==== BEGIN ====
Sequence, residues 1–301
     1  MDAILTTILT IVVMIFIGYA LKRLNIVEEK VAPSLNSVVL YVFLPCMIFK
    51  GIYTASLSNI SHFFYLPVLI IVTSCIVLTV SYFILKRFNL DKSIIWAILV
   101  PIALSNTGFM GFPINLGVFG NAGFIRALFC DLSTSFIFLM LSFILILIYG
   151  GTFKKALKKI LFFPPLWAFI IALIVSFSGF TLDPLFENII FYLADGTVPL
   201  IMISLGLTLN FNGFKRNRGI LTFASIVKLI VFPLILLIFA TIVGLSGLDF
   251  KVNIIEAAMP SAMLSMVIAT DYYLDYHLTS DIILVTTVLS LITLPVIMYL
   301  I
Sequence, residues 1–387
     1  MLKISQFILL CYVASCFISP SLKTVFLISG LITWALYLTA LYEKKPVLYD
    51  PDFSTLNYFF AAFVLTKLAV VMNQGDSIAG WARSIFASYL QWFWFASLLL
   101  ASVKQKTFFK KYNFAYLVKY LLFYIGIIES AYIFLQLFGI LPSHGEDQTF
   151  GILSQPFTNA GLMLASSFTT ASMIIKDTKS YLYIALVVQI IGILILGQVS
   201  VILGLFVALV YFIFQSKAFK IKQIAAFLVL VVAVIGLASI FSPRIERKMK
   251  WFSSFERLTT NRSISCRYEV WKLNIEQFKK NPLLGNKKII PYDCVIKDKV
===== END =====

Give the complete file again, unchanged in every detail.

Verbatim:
Sequence, residues 1–301
     1  MDAILTTILT IVVMIFIGYA LKRLNIVEEK VAPSLNSVVL YVFLPCMIFK
    51  GIYTASLSNI SHFFYLPVLI IVTSCIVLTV SYFILKRFNL DKSIIWAILV
   101  PIALSNTGFM GFPINLGVFG NAGFIRALFC DLSTSFIFLM LSFILILIYG
   151  GTFKKALKKI LFFPPLWAFI IALIVSFSGF TLDPLFENII FYLADGTVPL
   201  IMISLGLTLN FNGFKRNRGI LTFASIVKLI VFPLILLIFA TIVGLSGLDF
   251  KVNIIEAAMP SAMLSMVIAT DYYLDYHLTS DIILVTTVLS LITLPVIMYL
   301  I
Sequence, residues 1–387
     1  MLKISQFILL CYVASCFISP SLKTVFLISG LITWALYLTA LYEKKPVLYD
    51  PDFSTLNYFF AAFVLTKLAV VMNQGDSIAG WARSIFASYL QWFWFASLLL
   101  ASVKQKTFFK KYNFAYLVKY LLFYIGIIES AYIFLQLFGI LPSHGEDQTF
   151  GILSQPFTNA GLMLASSFTT ASMIIKDTKS YLYIALVVQI IGILILGQVS
   201  VILGLFVALV YFIFQSKAFK IKQIAAFLVL VVAVIGLASI FSPRIERKMK
   251  WFSSFERLTT NRSISCRYEV WKLNIEQFKK NPLLGNKKII PYDCVIKDKV